MATERIALS AND METHODS: Sequences of target proteins of clostridium botulinum were retrieved from the NCBI, a public domain database. Table 1 shows the protein sequences considered in this study. The protein sequences were retrieved in FASTA format and used for further analysis.
Physicochemical characterization: For physico- chemical characterization, theoretical isoelectric point (pI), molecular weight (M. wt), total number of positive and negative residues (R+/-), extinction coefficient (EC) 8, instability index (II) 9, aliphatic index (AI) 10 and grand average hydropathy (GRAVY) 11 were computed using Expasy’s Protparam server 12. The results were shown in Table 2.
Functional characterization: The SOSUI server 13 performed the identification of transmembrane regions. Table 3 represents the transmembrane region identified for these proteins. Disulphide bonds are important in determining functional linkages. Table 4 shows prediction of “SS” bonds using primary structure (protein sequence data) by tool CYS_REC http://linux1.softberry.com/berry.phtml?topic=cys_rec&group=programs&subgroup=propt. CYS_REC identifies the position of cysteins, total number of cysteins present and pattern, if present, of pairs in the protein sequence 14.
Secondary Structure Prediction: SOPMA was employed for calculating the secondary structural features of the proteins sequences considered for this study. The results were represented in Table 5.
Model building and evaluation: The modeling of three dimensional structures of the protein was performed by two homology modeling programs, Swissmodel and Modeller 15, 16. The constructed 3D models were energy minimized in CHIRON by short discrete molecular dynamics (DMD) simulation 17. The overall stereochemical property of the protein was assessed by Ramchandran plot analysis 18.
The validation for structure models obtained from the two software tools was performed by using PROCHECK 19. The models were further checked with WHAT IF 20. The results of PROCHECK and WHAT IF analysis was shown in Table 6 and 7 respectively. Structural analysis was performed and figures representations were generated with YASARA.
RESULT AND DISCUSSION: Table 1 shows target proteins considered in this study. These proteins sequence were retrieved from NCBI, a public domain database, in FASTA format and used for further analysis. Parameters computed using Expasy’s ProtParam tool was represented in Table 2. The calculated isoelectric point (pI) will be useful because at pI, solubility is least and mobility in an electrofoucsing system is zero. Isoelectric point (pI) is the pH at which surface of protein is covered with charge but net charge of protein is zero. At pI proteins are compact and stable.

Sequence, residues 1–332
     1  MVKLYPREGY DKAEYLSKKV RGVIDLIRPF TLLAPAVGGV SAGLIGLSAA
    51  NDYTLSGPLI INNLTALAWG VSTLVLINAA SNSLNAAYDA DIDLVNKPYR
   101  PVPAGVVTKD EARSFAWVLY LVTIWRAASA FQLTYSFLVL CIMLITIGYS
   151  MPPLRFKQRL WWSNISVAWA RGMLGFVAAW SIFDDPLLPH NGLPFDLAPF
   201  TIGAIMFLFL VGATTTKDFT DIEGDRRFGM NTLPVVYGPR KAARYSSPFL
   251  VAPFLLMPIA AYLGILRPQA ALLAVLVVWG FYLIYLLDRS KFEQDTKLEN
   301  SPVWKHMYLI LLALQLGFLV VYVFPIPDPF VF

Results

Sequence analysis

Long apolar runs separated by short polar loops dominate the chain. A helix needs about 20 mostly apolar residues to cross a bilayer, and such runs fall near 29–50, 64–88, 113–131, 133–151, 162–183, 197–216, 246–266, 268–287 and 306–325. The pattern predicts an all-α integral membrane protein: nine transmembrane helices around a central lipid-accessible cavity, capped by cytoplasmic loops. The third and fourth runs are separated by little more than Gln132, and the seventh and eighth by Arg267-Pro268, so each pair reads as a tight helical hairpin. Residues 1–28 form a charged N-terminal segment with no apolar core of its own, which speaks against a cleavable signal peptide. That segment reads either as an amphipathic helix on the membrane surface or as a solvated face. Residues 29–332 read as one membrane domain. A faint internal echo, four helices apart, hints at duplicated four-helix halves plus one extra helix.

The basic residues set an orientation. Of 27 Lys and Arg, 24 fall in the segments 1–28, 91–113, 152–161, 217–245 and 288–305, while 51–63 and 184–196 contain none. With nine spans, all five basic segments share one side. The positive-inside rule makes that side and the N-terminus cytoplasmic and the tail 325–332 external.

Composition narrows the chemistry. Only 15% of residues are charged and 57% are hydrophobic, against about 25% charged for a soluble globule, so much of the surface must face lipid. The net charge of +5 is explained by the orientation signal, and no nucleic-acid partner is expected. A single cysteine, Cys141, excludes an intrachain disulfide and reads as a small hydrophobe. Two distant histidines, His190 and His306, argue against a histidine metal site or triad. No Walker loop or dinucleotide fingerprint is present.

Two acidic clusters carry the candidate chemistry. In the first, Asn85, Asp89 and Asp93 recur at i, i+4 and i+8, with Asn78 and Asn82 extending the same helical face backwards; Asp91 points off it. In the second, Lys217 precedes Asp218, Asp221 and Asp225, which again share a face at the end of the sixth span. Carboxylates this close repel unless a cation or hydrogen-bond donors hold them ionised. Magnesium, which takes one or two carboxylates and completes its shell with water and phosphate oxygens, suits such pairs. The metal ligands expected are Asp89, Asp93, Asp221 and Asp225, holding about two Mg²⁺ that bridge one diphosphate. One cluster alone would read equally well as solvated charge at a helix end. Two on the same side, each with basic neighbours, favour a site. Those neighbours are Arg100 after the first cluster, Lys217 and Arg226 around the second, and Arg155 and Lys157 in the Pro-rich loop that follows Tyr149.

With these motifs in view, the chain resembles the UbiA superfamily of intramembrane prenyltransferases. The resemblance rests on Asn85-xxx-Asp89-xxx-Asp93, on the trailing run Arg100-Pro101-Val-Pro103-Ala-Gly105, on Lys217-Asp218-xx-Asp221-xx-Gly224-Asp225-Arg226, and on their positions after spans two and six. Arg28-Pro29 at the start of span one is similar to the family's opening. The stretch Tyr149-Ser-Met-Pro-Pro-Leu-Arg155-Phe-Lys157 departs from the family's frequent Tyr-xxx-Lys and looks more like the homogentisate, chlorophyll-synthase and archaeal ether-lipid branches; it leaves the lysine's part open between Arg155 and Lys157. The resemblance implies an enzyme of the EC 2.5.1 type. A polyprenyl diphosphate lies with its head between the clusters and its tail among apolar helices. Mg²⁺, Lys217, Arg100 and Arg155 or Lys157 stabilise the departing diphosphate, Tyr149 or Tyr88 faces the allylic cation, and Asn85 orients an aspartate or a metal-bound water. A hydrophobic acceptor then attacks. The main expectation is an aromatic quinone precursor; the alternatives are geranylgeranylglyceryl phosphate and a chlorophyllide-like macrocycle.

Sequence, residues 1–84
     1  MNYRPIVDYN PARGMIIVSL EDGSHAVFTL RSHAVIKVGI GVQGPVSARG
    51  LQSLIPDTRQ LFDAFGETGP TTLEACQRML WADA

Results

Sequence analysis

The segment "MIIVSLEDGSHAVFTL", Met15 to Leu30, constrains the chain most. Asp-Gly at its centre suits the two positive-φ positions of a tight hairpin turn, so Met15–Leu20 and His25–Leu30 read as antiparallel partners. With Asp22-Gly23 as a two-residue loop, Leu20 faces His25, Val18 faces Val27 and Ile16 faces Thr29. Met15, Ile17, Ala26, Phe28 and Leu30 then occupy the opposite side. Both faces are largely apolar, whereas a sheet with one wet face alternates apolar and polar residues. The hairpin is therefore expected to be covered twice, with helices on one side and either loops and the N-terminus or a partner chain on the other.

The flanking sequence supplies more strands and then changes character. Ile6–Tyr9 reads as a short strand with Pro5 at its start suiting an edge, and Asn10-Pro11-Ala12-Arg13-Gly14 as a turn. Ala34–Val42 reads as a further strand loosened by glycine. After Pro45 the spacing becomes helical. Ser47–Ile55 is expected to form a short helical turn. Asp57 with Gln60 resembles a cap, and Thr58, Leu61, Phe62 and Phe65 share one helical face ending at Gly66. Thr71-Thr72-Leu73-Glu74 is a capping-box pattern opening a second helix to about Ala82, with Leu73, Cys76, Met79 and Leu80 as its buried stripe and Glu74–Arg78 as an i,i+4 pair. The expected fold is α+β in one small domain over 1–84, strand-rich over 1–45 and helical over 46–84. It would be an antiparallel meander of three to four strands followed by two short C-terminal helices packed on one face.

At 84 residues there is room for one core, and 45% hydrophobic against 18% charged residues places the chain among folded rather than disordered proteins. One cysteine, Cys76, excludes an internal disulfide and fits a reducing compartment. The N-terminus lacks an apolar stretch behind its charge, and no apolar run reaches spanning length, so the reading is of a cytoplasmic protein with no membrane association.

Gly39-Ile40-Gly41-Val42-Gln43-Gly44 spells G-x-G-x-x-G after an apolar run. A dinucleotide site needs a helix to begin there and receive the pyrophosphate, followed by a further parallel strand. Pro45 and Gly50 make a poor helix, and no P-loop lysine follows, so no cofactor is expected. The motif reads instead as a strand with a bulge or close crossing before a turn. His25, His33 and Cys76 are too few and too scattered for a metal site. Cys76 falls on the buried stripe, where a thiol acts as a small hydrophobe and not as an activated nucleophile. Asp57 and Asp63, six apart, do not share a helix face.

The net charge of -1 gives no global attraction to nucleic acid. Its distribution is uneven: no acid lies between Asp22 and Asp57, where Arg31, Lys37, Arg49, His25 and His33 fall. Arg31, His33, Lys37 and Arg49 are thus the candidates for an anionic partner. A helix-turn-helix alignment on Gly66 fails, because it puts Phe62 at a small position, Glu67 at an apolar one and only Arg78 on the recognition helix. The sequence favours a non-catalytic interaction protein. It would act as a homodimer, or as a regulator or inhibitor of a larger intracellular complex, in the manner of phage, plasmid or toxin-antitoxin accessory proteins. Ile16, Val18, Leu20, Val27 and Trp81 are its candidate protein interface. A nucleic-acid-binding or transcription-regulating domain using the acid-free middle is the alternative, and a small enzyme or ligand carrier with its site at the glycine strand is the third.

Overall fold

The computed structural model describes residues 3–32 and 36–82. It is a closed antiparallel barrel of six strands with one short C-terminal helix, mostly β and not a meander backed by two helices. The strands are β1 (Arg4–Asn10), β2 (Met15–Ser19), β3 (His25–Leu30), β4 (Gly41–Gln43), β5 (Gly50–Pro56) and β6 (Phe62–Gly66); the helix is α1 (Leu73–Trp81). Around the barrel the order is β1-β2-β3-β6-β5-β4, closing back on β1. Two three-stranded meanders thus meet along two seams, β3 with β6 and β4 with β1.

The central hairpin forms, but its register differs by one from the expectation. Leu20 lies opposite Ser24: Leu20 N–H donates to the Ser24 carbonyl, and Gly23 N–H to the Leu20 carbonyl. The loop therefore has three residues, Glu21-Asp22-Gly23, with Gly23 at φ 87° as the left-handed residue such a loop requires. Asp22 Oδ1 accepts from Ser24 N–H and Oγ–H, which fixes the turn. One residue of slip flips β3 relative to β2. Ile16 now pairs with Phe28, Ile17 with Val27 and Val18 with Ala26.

The computated pI values of all proteins were greater than 7 indicate that these proteins were considered as basic. The computated isoelectric point will be useful for developing buffer system for purification by isoelectric focusing method. Although Expasy’s ProtParam computes the extinction coefficient (EC) for 276, 278, 279, 280 and 282 nm wavelengths, 280 nm is favored because proteins absorb light strongly there while other substances commonly in protein solutions do not. Extinction coefficient of proteins at 280nm is ranging from 25565 to 61715 M-1 cm-1 with respect to the concentration of Cys, Trp and Tyr. The high EC of RFP indicates presence of high concentration of Cys, Trp and Tyr.
The computed ECs help in the quantitative study of protein-protein and protein-ligand interactions in solution. The instability index provides an estimate of stability of protein in test tube. There are certain dipeptides, the occurrence of which is significantly different in the unstable proteins compared with those in the stable ones. This method assigns a weight value of instability. Using these weight values, it is possible to compute an instability index (II). A protein whose instability index is smaller than 40 is predicted as stable, a value above 40 predicts that the protein may be unstable. The instability index values for proteins were found to be ranging from 23.51 to 34.86. The result classified NTFP & MEFP were more stable than RFP and NTFP is more stable among all (Table 2).
The aliphatic index (AI) which is defined as the relative volume of a protein occupied by aliphatic site chains (A, V, I and L) is regarded as positive factor for the increase of thermal stability of globular proteins. AI for proteins sequences ranged from 120.86 to 136.45. The very high AI of all protein sequences indicates that these proteins may be stable for wide temperature range. The Grand Average hydropathy (GRAVY) value for a peptide or protein is calculated as the sum of hydropathy values of all amino acids, divided by the number of residues in the sequence. GRAVY indices of proteins ranging from 0.356 to 0.871. The lower range of value indicates the possibility of better interaction with water.